If you buy DVDs outside the country you reside in, you have to know about DVD Region Coding and Video Formats; plus you have to own a Region- Free DVD Player that converts, when necessary, to the Video Format of your TV set. For the United States and Canada, we recommend the Toshiba SD-590KA or the older Philips DVP642, available from Amazon.com.
The DVD region code identifies a DVD's compatibility with the players typically sold in a particular region. The following graphic shows the approximate location of each region. Region 0 DVDS (or "region free") are compatible with DVD players from any region. The majority of all current titles play only in one specific region.
Video Formats: What Are They?
PAL/SEACM and NTSC are two different television formats. These formats precede the introduction of the DVD. They actually even precede the introduction of the videocassette (Phillips produced the first VCR in 1972).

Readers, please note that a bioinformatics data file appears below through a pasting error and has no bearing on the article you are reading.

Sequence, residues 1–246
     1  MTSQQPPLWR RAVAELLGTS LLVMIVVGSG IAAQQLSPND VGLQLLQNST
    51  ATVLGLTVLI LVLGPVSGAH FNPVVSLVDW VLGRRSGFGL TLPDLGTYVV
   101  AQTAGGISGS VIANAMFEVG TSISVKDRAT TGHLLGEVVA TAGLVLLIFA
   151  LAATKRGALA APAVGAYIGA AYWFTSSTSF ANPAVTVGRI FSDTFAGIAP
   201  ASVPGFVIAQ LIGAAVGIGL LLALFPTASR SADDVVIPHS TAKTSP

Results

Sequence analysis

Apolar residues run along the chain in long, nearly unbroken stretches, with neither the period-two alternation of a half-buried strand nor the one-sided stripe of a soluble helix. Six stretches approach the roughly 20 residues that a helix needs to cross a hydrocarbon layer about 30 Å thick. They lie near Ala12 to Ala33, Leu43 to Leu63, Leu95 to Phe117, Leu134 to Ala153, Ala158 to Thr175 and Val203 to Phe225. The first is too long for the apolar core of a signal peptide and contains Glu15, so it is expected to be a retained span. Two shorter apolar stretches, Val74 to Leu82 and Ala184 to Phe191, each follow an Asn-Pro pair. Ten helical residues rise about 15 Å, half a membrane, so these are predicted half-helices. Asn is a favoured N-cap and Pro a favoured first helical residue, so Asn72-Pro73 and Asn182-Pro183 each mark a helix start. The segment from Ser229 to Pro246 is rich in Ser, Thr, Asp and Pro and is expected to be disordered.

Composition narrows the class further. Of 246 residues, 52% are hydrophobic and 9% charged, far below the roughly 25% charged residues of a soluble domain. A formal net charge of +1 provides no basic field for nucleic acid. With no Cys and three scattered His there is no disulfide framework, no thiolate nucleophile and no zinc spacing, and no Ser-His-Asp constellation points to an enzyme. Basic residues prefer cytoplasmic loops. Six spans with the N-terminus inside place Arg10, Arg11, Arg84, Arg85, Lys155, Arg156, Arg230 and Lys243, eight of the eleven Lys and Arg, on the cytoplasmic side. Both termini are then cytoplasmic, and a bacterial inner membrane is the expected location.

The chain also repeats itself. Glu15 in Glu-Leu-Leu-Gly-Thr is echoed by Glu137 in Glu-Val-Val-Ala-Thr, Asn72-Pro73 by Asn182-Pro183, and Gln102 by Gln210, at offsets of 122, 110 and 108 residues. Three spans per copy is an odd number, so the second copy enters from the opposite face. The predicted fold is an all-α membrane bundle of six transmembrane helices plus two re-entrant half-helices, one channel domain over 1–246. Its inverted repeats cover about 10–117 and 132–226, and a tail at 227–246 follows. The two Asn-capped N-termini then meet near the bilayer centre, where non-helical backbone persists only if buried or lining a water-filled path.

What Do They Mean?
PAL stands for "Phase Altering Line." Adopted in 1967, it is the standard format used for televisions in most of the world (other than the US, Canada, and Japan). In techno-speak it mandates 625 lines of resolution at 50 half frames per second. PAL TVs are said to give a more consistant hue than NTSC TVs. Brazil uses PAL-M, which differs slightly (525 lines of resolution with 60 half frames per second).
How Do They Affect Me?
The Philips DVP642 DVD Player
DVD players may be constructed to play on televisions that accommdate NTSC format, PAL format or on both. There is no legal restriction on producing or owning a player that plays on both TV formats. However, because televisions in a particular region tend only to be either PAL or NTSC, DVD/VCR players tend only to display on a single TV format. This is why we recommend the Philips DVP642 DVD player for the following three reasons: